Producers of ‘Natasha, Pierre & the Great Comet of 1812’ Offer to Settle Dispute



From left, the producers Howard Kagan and Janet Kagan, and the artistic director of Ars Nova, Jason Eagan.

Far left and center, Benjamin Norman for The New York Times; far right, Santiago Felipe/Getty Images

Seeking to end an acrimonious dispute that has cast a shadow over one of this fall’s most promising new Broadway musicals, the producers of “Natasha, Pierre & the Great Comet of 1812” offered on Monday to settle litigation with the nonprofit that commissioned the show.

The three lead producers of the musical, Howard and Janet Kagan and Paula Marie Black, said in a joint statement that they would agree to describe the nonprofit, Ars Nova, as it wished in the show’s program, if the nonprofit would drop two legal claims that it filed late last week.

The dispute has fascinated Broadway, a largely for-profit industry that has become heavily dependent on nonprofit theaters to nurture the most artistically ambitious shows. Billing disputes are not uncommon on Broadway, where producers and artists often jockey for position in Playbills, but disputes that lead to public battles and litigation are extremely rare.

Ars Nova, which not only commissioned the show but also presented its first production, has been seeking to have the program include the words “the Ars Nova Production of” before the show’s title. The nonprofit says such language was agreed upon in a contract signed by Mr. Kagan, who discovered the show while he was a board member of Ars Nova.

But the show, now starring the pop singer Josh Groban, is in previews on Broadway, and the program does not include those words.

After several weeks of failed negotiations to reach a compromise, Ars Nova said last week that it was seeking arbitration with the producers over their alleged breach of contract, and was suing Mr. Kagan for allegedly breaching his fiduciary duty to the Ars Nova board.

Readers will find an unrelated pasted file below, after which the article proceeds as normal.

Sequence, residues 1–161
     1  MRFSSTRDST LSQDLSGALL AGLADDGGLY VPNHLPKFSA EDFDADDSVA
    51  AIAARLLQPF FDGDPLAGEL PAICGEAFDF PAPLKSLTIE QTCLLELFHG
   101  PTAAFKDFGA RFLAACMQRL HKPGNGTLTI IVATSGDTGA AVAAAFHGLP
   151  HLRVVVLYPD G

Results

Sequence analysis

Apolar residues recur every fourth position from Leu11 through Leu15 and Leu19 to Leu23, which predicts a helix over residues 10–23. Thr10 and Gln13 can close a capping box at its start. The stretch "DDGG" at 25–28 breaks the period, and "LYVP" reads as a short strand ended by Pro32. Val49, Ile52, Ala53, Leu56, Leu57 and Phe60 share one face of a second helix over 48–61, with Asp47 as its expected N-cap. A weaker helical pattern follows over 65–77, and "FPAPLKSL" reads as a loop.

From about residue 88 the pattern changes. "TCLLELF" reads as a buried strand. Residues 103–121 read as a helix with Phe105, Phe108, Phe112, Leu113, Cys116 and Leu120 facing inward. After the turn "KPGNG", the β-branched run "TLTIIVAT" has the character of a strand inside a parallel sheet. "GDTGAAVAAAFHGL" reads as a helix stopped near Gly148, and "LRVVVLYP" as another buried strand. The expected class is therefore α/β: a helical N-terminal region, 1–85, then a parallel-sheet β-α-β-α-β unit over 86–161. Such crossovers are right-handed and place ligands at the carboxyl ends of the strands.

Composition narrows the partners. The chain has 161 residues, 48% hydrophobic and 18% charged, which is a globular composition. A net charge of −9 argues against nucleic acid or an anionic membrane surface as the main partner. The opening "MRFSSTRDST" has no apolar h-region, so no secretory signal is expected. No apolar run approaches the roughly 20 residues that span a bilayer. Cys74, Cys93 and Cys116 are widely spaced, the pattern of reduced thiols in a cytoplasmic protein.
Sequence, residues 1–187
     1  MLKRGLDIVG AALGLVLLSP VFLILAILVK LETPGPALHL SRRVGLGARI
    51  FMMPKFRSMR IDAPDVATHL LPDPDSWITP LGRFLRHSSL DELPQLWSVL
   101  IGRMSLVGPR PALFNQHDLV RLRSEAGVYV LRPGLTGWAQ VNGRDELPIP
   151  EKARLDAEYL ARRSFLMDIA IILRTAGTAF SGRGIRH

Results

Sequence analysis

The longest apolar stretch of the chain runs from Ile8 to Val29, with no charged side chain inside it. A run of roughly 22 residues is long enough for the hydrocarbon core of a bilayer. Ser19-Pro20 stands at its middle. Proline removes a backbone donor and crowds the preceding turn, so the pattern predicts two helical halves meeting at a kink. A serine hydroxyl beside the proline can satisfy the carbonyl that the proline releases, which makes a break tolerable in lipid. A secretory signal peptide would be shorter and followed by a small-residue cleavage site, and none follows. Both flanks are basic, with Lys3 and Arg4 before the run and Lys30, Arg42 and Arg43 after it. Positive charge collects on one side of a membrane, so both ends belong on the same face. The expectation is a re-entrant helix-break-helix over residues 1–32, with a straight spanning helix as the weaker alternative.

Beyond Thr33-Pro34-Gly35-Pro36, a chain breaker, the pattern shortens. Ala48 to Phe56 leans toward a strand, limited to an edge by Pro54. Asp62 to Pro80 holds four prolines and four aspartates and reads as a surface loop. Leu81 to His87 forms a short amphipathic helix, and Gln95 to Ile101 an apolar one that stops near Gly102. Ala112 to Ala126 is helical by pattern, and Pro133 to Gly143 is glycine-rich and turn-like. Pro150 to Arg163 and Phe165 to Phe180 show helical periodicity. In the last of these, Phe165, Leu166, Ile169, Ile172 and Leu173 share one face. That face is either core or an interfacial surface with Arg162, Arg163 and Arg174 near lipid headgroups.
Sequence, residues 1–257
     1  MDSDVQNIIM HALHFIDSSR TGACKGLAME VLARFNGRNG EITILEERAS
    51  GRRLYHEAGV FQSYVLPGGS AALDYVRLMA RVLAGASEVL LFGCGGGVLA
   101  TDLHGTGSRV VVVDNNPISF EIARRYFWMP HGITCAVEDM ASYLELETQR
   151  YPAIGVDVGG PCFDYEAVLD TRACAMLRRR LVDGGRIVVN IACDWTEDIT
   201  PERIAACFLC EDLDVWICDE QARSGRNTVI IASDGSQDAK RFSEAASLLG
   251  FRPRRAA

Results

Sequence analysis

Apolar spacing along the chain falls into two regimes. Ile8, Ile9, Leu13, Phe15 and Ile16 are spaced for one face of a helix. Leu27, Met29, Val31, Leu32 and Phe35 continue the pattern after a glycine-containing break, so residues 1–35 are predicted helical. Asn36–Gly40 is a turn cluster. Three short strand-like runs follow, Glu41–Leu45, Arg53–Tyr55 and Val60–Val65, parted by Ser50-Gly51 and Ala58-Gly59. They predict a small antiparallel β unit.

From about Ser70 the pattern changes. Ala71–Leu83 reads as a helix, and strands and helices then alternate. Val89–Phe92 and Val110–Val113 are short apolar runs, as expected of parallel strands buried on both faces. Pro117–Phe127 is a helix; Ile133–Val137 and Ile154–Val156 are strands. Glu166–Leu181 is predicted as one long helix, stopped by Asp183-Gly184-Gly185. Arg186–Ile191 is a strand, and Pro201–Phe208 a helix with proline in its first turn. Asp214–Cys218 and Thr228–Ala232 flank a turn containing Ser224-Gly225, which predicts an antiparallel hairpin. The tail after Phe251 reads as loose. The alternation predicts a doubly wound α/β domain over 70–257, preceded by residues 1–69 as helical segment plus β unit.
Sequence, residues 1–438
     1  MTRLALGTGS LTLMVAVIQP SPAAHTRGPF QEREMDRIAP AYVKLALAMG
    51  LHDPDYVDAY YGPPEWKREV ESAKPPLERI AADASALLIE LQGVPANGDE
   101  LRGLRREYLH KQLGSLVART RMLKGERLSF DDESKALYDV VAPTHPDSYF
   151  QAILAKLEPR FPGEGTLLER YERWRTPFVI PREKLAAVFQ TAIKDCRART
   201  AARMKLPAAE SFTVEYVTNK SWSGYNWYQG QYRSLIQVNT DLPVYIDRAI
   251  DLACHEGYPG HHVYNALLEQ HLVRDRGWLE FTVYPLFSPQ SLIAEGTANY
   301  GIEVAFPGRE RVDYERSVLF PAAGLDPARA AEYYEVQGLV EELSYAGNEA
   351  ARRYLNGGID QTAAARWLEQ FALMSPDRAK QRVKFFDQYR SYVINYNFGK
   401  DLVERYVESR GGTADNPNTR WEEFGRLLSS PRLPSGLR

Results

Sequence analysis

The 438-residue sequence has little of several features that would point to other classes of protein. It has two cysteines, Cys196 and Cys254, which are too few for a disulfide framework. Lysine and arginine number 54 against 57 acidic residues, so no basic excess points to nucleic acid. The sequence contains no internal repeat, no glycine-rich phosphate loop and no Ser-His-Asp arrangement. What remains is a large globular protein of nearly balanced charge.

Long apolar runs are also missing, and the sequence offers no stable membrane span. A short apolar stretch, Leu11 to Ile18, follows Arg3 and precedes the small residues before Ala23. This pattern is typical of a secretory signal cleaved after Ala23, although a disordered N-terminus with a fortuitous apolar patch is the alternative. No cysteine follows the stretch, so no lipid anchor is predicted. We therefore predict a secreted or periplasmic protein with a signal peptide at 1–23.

Mr. Kagan, who had previously declined to explain his thinking, issued a statement with his fellow producers on Monday saying that he would concede the language in exchange for ending the battle. The statement made clear that the producers believed they had legal grounds for the billing language they chose (Ars Nova right above the title, but without the ‘production of’ language) based on more recent legal agreements concerning the show and changes to the show as it has developed.

“We sincerely want to end this disagreement so that the incredible artistry at the core of this production can, once again, be our primary focus,” the statement said.

In an interview on Monday night, Renee Blinkwolt, the managing director of Ars Nova, said that the theater had called a board meeting for Tuesday morning to consider the offer. She said the settlement offer had come in a formal legal document that would have to be reviewed.

“The board has to consider and vote on any response, but I remain hopeful that we can resolve this,” Ms. Blinkwolt said. “This has always only been about credit for Ars Nova, so if we are able to get our contractual billing, I would say that’s positive — we would love to be able to accept that.”

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